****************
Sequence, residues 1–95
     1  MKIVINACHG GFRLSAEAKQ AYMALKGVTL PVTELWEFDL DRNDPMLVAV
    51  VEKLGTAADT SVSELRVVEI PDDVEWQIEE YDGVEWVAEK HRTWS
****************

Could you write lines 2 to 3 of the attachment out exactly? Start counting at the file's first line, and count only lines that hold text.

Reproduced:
     1  MKIVINACHG GFRLSAEAKQ AYMALKGVTL PVTELWEFDL DRNDPMLVAV
    51  VEKLGTAADT SVSELRVVEI PDDVEWQIEE YDGVEWVAEK HRTWS